Laughter Really is the Best Medicine

It had been a long and intense evening of discussion. Mother, father, daughter all holed up in her room, while the boys waited in another part of the house and wondered if they were going to get to eat dinner.

We discussed her school schedule and our disagreements about it. We discussed priorities, desires, boys, grades, cell phones, behavior, attitude. She got angry, calmed down, cried, tried to distract herself by cleaning her room. Every once in awhile, the dog or the preschooler or the dog and the preschooler made an appearance. Daryl tried to remind us there were other people in the house. The discussion lasted nearly two hours and left us all drained. Drained, but not really at odds with each other. From the parental perspective, the talk had gone well. We had accomplished our objectives.

Per the new cell phone directives, she handed me her phone as she resumed her homework. I looked down at her wall paper and asked who it was.

“Channing Tatum,” she replied, smiling up at me like she dared me to say something. She had recently had a mild argument with her aunt over whether he qualified as “hot”.

After a brief pause for effect, I smiled back and nodded. “You’ve got pretty good taste.”

“I know,” she said. And then under her breath but with a smile, “Unlike you.”

“What did you say?”

“Well… my dad’s really not all that, ya know.”

“What are you talking about?! He is the hottest man on the planet!”

Laughing, she put her hands up in protest. “Okay, you can stop now.”

“No, really. Your dad is hot!”

“That’s enough!”

“You should have seen him in high school…”

“Really! You don’t need to do this!”

“…He was so tall with broad shoulders…” I gazed longingly at him in the other room as she interrupted.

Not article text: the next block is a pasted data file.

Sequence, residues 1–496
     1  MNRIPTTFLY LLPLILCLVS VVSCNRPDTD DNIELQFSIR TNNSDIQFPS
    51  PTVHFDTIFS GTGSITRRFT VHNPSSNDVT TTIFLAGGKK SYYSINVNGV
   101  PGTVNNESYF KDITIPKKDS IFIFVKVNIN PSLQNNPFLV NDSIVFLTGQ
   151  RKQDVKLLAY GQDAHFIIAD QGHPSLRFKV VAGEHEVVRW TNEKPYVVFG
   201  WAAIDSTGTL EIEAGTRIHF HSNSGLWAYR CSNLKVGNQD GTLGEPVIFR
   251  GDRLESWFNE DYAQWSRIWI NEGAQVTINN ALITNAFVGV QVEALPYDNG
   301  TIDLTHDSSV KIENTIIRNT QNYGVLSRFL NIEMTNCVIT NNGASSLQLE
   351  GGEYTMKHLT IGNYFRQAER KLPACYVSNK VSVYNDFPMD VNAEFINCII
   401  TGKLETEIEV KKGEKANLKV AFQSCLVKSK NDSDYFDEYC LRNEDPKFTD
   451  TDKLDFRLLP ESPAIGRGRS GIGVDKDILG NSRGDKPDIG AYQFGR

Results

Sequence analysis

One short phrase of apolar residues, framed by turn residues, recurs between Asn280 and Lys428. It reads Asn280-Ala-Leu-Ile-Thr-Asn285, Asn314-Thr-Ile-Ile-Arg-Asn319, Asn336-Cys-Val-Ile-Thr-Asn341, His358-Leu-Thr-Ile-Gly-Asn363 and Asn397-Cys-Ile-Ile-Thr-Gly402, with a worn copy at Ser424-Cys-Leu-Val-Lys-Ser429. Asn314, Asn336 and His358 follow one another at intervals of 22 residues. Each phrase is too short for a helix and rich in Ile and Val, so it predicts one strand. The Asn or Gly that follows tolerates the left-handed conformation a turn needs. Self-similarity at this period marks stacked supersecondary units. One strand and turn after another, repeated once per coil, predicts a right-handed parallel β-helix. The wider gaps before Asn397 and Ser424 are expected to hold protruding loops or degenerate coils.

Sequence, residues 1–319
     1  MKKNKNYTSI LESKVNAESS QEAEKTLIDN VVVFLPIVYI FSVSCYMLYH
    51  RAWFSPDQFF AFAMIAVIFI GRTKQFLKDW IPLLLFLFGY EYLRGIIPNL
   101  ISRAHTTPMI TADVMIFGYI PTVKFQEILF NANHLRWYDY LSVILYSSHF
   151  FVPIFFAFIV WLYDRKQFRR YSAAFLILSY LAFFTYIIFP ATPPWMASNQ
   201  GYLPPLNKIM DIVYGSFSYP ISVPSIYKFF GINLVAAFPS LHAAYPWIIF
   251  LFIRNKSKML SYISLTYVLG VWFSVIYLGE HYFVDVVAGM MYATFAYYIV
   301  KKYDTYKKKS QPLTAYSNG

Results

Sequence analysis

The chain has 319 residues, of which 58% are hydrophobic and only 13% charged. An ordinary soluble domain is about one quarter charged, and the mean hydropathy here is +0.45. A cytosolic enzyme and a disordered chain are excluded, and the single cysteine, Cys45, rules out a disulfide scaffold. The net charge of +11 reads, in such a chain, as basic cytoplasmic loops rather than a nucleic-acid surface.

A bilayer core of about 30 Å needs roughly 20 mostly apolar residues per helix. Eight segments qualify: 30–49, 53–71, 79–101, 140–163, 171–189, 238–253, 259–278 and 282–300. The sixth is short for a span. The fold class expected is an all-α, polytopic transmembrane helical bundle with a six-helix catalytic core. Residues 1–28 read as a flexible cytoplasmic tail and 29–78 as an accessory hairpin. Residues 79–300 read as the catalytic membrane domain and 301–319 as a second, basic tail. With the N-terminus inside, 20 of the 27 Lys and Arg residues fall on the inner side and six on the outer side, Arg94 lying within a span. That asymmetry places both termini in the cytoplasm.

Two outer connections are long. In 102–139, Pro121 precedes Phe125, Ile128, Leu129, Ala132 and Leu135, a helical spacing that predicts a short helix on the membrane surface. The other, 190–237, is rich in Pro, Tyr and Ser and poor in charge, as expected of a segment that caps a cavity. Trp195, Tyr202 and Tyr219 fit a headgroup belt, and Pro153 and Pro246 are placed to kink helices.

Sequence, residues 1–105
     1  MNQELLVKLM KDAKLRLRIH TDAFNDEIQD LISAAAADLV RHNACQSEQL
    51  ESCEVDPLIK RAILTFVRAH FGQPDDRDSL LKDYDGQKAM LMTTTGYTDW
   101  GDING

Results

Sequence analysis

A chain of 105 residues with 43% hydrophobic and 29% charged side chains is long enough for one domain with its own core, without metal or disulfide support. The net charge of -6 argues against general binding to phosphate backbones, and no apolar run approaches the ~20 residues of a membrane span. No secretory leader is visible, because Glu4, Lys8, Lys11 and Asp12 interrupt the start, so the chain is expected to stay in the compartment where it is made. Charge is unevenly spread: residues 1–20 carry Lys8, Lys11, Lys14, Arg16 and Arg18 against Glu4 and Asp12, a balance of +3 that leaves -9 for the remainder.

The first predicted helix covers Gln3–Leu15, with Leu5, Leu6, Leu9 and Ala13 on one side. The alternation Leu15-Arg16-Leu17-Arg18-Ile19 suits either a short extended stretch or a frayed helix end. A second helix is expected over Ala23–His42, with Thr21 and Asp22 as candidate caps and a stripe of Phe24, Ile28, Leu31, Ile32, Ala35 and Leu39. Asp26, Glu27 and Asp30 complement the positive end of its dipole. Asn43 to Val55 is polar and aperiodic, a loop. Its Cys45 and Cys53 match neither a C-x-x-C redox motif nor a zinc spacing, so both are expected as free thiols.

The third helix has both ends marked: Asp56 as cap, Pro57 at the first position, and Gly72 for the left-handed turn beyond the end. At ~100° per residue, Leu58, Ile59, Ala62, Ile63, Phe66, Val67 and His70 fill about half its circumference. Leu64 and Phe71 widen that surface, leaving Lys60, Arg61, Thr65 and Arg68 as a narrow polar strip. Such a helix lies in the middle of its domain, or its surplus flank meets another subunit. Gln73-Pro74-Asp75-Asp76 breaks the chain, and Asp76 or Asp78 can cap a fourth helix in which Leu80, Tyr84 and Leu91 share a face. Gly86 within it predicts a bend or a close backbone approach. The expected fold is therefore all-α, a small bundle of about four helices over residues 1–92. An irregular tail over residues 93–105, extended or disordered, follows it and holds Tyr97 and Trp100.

“Enough! Please! I don’t need to hear this!”

I adopted my best imitation of her swooning teenager voice. “I’m telling you. He was a man among boys!”

“Okaaayyy!!” The embarrassed laughter and friendly banter seemed to break through the slightly reserved interaction we had had a few minutes prior. As she laughed and kicked around, the smiley face eraser fell off her pencil and onto the floor. Rose dove in after it.

“Rose! No! Don’t eat my smiley face! Mom! She just ate my eraser!”

Rose certainly appeared to have something in her mouth so I reached down to fish it out while Jane nearly fell over from laughing. That’s when I noticed the eraser tucked behind a chair leg. We laughed some more. It felt good.

I had been down in the dumps all day, dreading the conversation. It is more difficult to parent a preteen/teenager than I ever could have imagined. The previous night, her dad and I had discussed what we needed to talk to Jane about. I was distressed and anxious. I didn’t want to be a parent of a twelve year old anymore. I didn’t want to do the hard work. I didn’t want to take the abuse. I didn’t want to have the arguments that are inevitable when what the parents think is best conflicts with what the child wants.

Then we talked. And it was hard. But not as bad as I had feared. And then we laughed and teased and I was in love with my daughter again. There will be more rough times ahead; but as long as we can find something to laugh about afterwards, maybe it will all be ok.

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How You Know Your Preteen is Really, Really Tired

There is a myriad of ways that parents can tell that their very young children are tired. They rub their eyes. They yawn. They throw fits and whine about incidental things. They refuse to go to sleep.

Preteens are a bit more difficult to read. Part of this is because when a preteen is tired, she typically doesn’t have the same resistance to taking a nap as a preschooler. If your preteen is tired, you will probably find her passed out.

If forced to function while tired, however, she may make strange cognitive mistakes that she will not remember the next day.